Thursday, April 16, 2009

Global Drug Policy Must Change Now

We need to have a national -- and a global -- conversation about drugs. Let's start with the big picture.

It is clear that the world is currently undergoing a massive paradigm shift, away from the 20th-century and into the 21st. The specifics of this paradigm shift are not entirely clear yet (historians will be able to make better sense of it after it has occurred), but it is clear that the global financial system meltdown has spurred the housing market to shift from suburban sprawl towards more focused development in cities; for cars to shift from gas-guzzling SUVs to plug-in electric hybrids and similar more-efficient vehicles; for the American presidency to shift from a war-mongering rich white idiot towards a smart guy who actually understands the issues and has a clear progressive vision for the future. This paradigm shift, however, is not all roses and honey. There is massive bloodshed and economic hardship worldwide. What I would like to propose is a way to ease just a little bit of both, both abroad and domestically, through the following program:

* Legalize all drugs, worldwide
* Tax their productions and distribution
* Regulate them like alcohol and cigarettes are currently regulated
* Use some of the tax proceeds to help fund treatment programs and other initiatives to deal with the societal consequences of this program.

Currently, the United States is spending billions of dollars in places like the Andes of South America, Central America, Mexico and Afghanistan to fight drug production and battle with drug cartels and the terrorist/guerrilla/insurgent groups that are funded by their money. Instead of spending American taxpayer dollars on military spending for a war on drugs that cannot ever be won, we should cut out the financial legs of the international drug cartels by shifting drug profits to the sovereign nations within which drug production occurs, which will both empower and stabilize those governments while at the same time ridding them of some of their largest domestic problems.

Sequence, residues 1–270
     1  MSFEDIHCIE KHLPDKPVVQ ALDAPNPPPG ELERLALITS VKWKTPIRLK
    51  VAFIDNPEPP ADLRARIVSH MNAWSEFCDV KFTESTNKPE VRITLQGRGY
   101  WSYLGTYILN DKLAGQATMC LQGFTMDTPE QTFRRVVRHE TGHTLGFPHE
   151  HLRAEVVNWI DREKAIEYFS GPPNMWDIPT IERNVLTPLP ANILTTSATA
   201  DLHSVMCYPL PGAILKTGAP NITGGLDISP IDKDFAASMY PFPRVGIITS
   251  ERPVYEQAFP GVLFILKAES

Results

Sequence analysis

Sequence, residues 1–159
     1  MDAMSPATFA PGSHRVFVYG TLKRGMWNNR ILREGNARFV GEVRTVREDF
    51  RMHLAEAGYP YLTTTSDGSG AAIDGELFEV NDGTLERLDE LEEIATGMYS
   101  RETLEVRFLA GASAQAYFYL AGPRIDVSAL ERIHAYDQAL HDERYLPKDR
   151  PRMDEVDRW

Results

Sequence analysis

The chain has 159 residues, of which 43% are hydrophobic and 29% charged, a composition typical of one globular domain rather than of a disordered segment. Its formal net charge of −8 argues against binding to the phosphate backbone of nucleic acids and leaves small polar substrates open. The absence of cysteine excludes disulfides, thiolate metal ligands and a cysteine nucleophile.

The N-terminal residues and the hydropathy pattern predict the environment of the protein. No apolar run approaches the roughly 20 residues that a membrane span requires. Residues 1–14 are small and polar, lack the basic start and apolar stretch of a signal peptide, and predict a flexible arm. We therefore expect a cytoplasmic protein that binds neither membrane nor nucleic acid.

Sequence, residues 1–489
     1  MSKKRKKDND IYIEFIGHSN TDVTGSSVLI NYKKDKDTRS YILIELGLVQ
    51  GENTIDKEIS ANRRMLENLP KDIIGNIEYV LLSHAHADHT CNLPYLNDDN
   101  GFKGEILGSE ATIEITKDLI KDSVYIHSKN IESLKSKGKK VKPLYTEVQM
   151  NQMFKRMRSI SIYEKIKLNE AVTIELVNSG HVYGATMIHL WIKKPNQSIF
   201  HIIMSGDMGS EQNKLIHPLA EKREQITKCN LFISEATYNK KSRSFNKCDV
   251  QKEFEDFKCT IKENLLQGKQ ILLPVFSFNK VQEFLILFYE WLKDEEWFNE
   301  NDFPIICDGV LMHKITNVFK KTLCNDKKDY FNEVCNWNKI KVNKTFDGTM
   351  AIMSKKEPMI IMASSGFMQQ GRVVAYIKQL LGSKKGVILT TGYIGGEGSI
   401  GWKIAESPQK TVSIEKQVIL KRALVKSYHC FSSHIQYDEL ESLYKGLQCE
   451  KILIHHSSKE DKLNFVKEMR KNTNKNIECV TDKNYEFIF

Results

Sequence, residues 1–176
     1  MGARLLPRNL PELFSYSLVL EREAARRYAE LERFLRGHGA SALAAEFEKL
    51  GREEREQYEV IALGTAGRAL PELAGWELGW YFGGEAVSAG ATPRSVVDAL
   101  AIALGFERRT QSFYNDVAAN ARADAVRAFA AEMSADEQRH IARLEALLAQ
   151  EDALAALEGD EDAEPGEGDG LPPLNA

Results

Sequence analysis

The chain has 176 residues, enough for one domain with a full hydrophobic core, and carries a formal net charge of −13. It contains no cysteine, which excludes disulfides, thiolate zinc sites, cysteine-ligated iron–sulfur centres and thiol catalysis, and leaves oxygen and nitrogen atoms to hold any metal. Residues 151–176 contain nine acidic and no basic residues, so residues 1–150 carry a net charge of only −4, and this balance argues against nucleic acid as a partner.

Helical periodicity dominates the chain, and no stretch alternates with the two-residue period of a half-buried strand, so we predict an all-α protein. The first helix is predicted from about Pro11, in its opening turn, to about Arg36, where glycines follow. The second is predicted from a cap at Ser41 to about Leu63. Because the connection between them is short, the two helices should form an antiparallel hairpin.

In Afghanistan, the Taliban is largely funded by domestic drug production and international trafficking. Despite American and NATO efforts at drug eradication, hashish production is rising even as the military reports signs of progress in opium poppy eradication.

In Mexico, over 10,475 executions related to the drug war have occurred since President Calderon took office in 2006. This is just the latest Latin American country where drug violence has raised its ugly head, as thousands have died in Colombia, Peru, Bolivia, Panama and elsewhere in the decades since the United States has been fighting the drug war with all the force of its military might. There are signs, however, that this hemisphere is getting fed up with this failed policy, and that change may be on the horizon.

Latin American leaders, in releasing a report in February calling for a global paradigm shift in drug policy, said:
“Prohibitionist policies based on the eradication of production and on the disruption of drug flows as well as on the criminalization of consumption have not yielded the expected results. We are farther than ever from the announced goal of eradicating drugs.”